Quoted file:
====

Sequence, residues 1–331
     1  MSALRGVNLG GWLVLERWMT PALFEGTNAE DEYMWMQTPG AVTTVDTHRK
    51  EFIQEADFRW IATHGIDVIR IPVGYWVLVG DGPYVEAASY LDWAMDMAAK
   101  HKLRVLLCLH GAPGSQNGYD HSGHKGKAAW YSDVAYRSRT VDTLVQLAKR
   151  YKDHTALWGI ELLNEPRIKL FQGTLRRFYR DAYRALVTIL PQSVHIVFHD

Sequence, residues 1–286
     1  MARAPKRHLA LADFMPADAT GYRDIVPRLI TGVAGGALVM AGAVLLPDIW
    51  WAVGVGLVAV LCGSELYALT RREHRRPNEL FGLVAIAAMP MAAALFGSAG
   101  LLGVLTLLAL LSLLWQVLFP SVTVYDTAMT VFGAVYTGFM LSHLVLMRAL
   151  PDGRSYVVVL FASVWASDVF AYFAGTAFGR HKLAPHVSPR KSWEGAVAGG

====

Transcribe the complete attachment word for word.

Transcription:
Sequence, residues 1–331
     1  MSALRGVNLG GWLVLERWMT PALFEGTNAE DEYMWMQTPG AVTTVDTHRK
    51  EFIQEADFRW IATHGIDVIR IPVGYWVLVG DGPYVEAASY LDWAMDMAAK
   101  HKLRVLLCLH GAPGSQNGYD HSGHKGKAAW YSDVAYRSRT VDTLVQLAKR
   151  YKDHTALWGI ELLNEPRIKL FQGTLRRFYR DAYRALVTIL PQSVHIVFHD

Sequence, residues 1–286
     1  MARAPKRHLA LADFMPADAT GYRDIVPRLI TGVAGGALVM AGAVLLPDIW
    51  WAVGVGLVAV LCGSELYALT RREHRRPNEL FGLVAIAAMP MAAALFGSAG
   101  LLGVLTLLAL LSLLWQVLFP SVTVYDTAMT VFGAVYTGFM LSHLVLMRAL
   151  PDGRSYVVVL FASVWASDVF AYFAGTAFGR HKLAPHVSPR KSWEGAVAGG